Visionary: Tier 3

Tier 3, a small service provider, offers paid-by-the-VM, vCloud-powered public cloud IaaS from data centers as well as Database-as-a-Service, and is venturing into Cloud Foundry-based PaaS.

Strengths: Tier 3 offers a good set of features on a well-engineered platform, and has an easy-to-use self-service portal, Gartner said.

Caution: While Tier 3's offering is vCloud-powered, it does not expose the vCloud user interface. Consequently, customers do not receive the full extent of vCloud's self-service capabilities, according to Gartner.

Visionary: Rackspace

Rackspace offers a fixed-size, paid-by-the-VM, Xen-virtualized public cloud IaaS, with optional managed services. It also offers storage via an integrated content delivery network with Akamai, Database-as-a-Service, and PaaS, Gartner said. As the founder of the open-source cloud management platform OpenStack, its Cloud Builders business provides commercial open-source support and professional services around it.

Strengths Gartner said the company's wide community of participating vendors makes it a key cloud infrastructure ecosystem, up against VMware, Microsoft and Amazon.

Caution: The future of OpenStack's emerging technology is uncertain. "OpenStack's evolution may not necessarily align closely with Rackspace's needs -- it is possible that OpenStack could be successful without it leading to Rackspace's success," Gartner said.

Visionary: Virtustream

Virtustream focuses solely on cloud services and offers hypervisor-neutral public and private IaaS on its xStream platform, with managed services optional.

Strengths: The company has a strong consultative approach, as well as particular expertise in SAP. Its cloud focuses on production applications, but it targets both traditional enterprise workloads, including ERP applications, as well as cloud-native applications, Gartner said.

Caution: Virtustream supports a solid set of self-service features, but its primary focus is complex, mission-critical applications, "where it is likely that the customer will purchase professional services assistance for implementation, and managed services on an ongoing basis," Gartner said.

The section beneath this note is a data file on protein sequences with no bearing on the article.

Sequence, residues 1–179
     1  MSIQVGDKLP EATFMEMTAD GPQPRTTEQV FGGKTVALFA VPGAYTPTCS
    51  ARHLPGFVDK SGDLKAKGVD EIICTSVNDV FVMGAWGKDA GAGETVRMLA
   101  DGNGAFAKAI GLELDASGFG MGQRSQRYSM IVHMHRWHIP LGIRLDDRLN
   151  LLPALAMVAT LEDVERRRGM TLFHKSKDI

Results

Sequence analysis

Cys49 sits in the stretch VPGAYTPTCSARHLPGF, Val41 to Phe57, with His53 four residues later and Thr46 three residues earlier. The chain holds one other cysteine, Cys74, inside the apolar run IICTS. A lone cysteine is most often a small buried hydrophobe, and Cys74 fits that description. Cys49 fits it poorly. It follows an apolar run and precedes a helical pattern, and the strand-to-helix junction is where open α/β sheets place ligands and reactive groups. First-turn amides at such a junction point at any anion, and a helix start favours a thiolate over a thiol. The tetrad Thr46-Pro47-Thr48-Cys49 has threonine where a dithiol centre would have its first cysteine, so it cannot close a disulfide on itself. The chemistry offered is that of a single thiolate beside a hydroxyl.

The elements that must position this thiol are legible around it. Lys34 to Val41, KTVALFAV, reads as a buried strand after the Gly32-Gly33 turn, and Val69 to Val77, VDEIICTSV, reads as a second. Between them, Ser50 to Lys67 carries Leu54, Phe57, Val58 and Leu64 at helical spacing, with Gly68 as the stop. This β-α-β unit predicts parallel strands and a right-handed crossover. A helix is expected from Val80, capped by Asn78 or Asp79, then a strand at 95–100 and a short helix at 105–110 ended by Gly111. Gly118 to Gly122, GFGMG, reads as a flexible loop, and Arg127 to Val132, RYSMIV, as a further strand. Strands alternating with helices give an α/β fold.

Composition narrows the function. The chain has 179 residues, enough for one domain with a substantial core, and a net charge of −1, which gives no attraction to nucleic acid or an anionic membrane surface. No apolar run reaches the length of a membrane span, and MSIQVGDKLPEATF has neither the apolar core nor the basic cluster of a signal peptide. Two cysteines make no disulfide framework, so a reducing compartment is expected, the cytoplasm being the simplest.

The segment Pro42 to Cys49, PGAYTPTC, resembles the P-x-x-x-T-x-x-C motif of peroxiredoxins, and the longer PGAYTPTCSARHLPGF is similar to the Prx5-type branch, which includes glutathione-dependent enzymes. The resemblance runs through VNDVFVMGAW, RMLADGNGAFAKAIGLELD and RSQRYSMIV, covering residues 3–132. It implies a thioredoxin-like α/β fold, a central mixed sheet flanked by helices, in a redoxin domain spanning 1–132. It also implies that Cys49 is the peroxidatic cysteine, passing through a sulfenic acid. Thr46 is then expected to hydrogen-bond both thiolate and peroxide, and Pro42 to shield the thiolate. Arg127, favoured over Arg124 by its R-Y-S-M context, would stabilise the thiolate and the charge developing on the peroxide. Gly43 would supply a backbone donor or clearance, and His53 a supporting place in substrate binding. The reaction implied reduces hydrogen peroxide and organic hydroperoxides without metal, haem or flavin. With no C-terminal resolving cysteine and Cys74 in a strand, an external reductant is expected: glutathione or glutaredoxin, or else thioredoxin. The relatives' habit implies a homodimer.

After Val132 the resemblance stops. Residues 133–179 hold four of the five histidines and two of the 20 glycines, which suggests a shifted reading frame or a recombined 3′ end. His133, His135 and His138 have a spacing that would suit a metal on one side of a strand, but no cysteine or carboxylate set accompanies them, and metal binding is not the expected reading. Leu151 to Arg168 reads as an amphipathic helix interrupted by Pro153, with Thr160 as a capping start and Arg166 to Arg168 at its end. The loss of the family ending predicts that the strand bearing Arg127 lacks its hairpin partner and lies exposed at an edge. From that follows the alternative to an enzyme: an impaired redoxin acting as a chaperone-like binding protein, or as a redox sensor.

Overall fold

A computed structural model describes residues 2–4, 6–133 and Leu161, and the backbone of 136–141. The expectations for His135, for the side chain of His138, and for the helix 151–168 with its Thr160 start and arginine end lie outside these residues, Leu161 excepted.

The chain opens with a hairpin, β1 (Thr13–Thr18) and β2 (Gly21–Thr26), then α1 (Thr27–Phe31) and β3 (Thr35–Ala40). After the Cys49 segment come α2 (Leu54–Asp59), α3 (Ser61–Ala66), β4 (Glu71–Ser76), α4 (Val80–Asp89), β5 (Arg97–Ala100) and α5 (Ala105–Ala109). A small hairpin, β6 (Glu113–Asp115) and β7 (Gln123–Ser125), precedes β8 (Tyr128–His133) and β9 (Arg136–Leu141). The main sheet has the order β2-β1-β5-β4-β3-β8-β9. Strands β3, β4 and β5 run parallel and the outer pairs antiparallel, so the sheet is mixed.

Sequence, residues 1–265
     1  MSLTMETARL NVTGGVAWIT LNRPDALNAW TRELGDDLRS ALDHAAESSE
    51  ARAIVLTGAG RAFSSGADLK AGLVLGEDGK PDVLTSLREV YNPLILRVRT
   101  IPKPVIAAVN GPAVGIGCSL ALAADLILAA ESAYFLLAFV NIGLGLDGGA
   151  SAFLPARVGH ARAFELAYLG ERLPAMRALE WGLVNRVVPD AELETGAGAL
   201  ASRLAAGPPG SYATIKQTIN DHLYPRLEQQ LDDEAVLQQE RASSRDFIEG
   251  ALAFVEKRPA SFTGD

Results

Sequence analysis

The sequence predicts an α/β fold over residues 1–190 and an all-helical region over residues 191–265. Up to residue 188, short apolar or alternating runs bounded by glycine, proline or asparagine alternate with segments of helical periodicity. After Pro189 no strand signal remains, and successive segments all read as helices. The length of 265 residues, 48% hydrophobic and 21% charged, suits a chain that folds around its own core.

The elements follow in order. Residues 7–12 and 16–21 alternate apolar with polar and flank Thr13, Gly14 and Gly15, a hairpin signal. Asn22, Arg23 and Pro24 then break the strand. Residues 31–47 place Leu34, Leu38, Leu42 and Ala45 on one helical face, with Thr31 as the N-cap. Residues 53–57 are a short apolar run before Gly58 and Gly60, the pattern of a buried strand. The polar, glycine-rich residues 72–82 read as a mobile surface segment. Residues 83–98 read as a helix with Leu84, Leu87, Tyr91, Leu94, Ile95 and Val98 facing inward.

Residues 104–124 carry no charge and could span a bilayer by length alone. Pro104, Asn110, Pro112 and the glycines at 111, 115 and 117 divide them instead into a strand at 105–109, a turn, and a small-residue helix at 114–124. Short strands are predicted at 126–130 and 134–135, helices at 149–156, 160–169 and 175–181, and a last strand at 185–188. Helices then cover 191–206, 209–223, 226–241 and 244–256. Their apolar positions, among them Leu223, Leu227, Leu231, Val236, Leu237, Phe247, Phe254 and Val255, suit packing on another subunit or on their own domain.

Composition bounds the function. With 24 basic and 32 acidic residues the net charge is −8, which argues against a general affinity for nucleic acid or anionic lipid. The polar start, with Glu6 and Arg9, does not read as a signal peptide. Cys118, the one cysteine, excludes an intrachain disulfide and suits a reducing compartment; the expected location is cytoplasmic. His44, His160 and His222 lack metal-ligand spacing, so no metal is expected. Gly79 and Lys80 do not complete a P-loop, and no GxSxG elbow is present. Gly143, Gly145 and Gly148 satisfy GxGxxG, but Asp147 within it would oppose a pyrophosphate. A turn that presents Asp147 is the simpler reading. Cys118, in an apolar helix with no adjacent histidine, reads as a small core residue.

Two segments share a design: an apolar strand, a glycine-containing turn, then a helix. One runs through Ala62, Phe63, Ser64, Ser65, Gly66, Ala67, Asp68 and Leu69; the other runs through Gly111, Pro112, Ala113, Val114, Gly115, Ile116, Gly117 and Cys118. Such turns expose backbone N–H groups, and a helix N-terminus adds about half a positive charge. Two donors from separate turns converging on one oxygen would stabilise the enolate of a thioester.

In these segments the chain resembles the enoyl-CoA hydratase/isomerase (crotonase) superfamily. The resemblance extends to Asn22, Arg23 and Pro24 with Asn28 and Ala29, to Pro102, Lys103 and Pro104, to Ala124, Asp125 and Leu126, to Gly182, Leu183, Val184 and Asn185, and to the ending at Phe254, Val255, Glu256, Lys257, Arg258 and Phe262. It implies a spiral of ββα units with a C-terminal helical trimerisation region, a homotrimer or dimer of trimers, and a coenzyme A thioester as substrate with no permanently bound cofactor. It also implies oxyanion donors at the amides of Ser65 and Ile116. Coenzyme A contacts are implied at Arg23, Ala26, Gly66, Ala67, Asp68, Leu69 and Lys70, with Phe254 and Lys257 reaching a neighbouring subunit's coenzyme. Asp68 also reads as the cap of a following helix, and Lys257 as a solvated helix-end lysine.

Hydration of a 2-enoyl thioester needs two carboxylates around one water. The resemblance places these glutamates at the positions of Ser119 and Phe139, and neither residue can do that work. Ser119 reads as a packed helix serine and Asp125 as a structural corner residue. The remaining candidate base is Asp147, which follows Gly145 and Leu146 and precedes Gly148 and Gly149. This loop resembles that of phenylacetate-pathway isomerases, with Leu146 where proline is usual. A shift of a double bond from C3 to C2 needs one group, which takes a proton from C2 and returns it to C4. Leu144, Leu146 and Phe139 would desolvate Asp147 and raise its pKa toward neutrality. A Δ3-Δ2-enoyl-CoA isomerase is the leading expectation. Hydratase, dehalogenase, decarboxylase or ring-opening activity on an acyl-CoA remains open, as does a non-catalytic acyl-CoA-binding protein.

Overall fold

Challenger: Joyent

Small service provider Joyent focuses on cloud services and offers fixed-size, paid-by-the-VM public and private cloud IaaS.

Strengths: The company emphasizes application performance and includes network-based acceleration. It deploys portal-based performance analytics, using the DTrace framework for application instrumentation, Gartner said.

Caution: Joyent's portfolio of services focuses solely on the hosting use case. Gartner calls it a "best-effort cloud" and said it is very developer-centric. Joyent highlights APIs and the use of third-party tools, rather than its own portal capabilities.

Challenger: Bluelock

Independent cloud IaaS-focused provider Bluelock aims at the midsize and enterprise markets with a vCloud data center service for public and private cloud IaaS, with optional managed services.

Strengths: Bluelock, as one of VMware's closest service provider partners, is often among the first service providers to deploy new VMware products and version upgrades.

Caution: The provider is small, and while financially stable, its size and excellence of service make it a prime target for acquisition, Gartner said.

Challenger: GoGrid

GoGrid, according to Gartner, is a small cloud IaaS-focused provider with fixed-size, paid-by-the-VM, Xen-virtualized IaaS as a public cloud and private cloud, with optional managed services.

Strengths: GoGrid is among the top five public cloud IaaS providers in the use of VMs and is one of the few providers that has a standard architecture across its public and private cloud offerings, according to Gartner.

Caution: The company develops its software entirely in-house, which allows it to keep costs down but also results in long-term challenges in competing with providers that can allocate significant resources to R&D, Gartner said.